By unanimous decision, the Pratt County commissioners approved the application for the NextEra Ninnescah Wind Energy Farm Monday night.

There is now a 30-day period to file an appeal with the Pratt County District Court if someone disagrees with the decision.

The project will feature 120 generators, 119 lease holders and cover 121,000 acres.

David Gill, project director for NextEra, said he was happy with the commissioners’ unanimous decision. There are a few provisions that need to be finalized before the document is in its final form.

“We need to get them wrapped up,” Gill said. “I’m looking forward to starting construction.”

He did not, however, predict a starting date.

Pratt County Commission Chair Joe Reynolds said the county would see many benefits from the project including jobs during and after construction, PILOT (payment in lieu of taxes) payments coming into the county and payments going to participants.

“I think it’s a great deal,” Reynolds said.

The project will take place in the southeast portion of the county and will connect with a power line, also in the development stage, through Kingman County and connect with a substation in Sedgwick County.

Because of the number of interested parties, the portion of the commission meeting dealing with the wind farm was moved to the District Courtroom where there was standing room only with over 50 in attendance.

Several issues were discussed including shutting down turbines within two miles of a whooping crane landing, mitigate avian mortality and loss of habitat.

Audience members were giving the opportunity to speak. Greg Bacon said the application has not been complete. The avian winter study is not done, Kansas Department of Wildlife, Parks and Tourism has not received a map of the study yet.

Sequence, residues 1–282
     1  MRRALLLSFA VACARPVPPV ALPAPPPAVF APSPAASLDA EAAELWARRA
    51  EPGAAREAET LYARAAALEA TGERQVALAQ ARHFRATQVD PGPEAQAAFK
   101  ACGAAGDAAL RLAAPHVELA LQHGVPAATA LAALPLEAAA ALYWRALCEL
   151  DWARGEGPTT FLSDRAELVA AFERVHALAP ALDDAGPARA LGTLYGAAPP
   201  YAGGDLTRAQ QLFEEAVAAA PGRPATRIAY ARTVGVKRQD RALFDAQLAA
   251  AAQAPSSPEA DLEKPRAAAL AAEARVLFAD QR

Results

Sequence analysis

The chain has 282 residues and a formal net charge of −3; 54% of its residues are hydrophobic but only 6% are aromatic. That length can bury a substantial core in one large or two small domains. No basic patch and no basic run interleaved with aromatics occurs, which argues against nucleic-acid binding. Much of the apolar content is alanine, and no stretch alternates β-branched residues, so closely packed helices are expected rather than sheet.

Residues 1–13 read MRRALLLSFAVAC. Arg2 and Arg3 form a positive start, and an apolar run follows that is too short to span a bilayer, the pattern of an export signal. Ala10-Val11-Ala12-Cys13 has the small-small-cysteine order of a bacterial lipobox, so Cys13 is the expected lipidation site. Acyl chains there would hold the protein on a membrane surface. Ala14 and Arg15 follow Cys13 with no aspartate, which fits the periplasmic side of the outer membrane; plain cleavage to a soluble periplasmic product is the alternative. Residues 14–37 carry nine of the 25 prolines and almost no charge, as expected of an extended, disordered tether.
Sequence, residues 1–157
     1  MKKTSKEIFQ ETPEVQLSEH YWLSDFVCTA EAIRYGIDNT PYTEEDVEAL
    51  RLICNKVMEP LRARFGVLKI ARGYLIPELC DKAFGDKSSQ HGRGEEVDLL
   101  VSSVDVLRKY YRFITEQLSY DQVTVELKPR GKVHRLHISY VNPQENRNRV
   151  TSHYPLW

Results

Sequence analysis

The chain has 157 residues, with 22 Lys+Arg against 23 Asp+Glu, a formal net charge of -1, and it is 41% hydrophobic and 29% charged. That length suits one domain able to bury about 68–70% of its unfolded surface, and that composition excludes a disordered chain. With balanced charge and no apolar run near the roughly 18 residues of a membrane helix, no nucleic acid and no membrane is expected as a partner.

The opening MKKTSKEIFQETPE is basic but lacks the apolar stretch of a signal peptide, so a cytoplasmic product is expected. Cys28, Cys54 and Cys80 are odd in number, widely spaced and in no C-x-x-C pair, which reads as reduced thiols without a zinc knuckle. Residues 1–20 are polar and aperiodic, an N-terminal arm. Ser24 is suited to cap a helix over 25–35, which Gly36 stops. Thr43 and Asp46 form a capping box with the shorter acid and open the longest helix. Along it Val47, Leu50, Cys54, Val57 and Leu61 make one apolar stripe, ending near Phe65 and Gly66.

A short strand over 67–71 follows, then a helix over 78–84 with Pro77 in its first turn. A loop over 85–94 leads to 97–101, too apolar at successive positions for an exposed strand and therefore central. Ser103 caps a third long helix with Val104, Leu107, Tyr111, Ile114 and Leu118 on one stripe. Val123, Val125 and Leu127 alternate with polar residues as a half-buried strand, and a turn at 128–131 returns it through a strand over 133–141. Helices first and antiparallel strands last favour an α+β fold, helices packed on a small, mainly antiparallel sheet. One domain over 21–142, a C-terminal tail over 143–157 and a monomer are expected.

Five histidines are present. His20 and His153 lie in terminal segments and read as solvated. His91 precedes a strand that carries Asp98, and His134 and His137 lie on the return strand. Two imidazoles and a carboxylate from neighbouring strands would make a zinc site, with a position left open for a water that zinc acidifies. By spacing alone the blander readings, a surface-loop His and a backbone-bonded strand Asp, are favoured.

“It’s (the application) not ready for approval tonight,” Bacon said. “I’m not saying don’t approve it. Lets send it back to the (planning) board so the system can work.”

He was also concerned that the pilot payments were not enforceable and it was just a promise and not on a contract.

Dwane DeWeese spoke in favor of the project even though he will not have a generator on his property. He said NextEra must be making their payments or they would not be in business and it would be in the papers.

Landowner Pat Brant said this would help create jobs and help convince Pratt’s children to come back to Pratt to settle.

Brandon Bortz said one of the towers was located within 10 feet of a fence and there was supposed to be a 500-foot setback from fences. Several towers needed to be setback for the same reason.

Tim Branscom, county planning and zoning administrator, said the zoning regulations on the matter were hard to follow in the zoning regulations. Changes are being made to clarify the matter and determine if a fence is an accessory or primary structure.

Gill said if generators were prohibited near fences, they couldn’t build anywhere.

There was concern about some species of darter fish and frogs but those animals are on wetlands and wind farms avoid building on those areas the most so it would not be an issue.

Much discussion was held to determine how much time and what method of notification would be used when turning wind generators on and off for crop spraying. A previous day notice and a three-hour time span were agreed upon as well as generators in a two-mile area would be turned off. If a spraying is delayed or cancelled the applicator had to notify NextEra to prevent any kind of incident. Electronic confirmation would also be required for both applicator and NextEra.

An effect easement for those not wanting to participate but within the project site was discussed. Gill said he had spoken with three parties but no agreement had been reached and he was willing to talk with those non-participants in the project that had already expressed concerns about the project.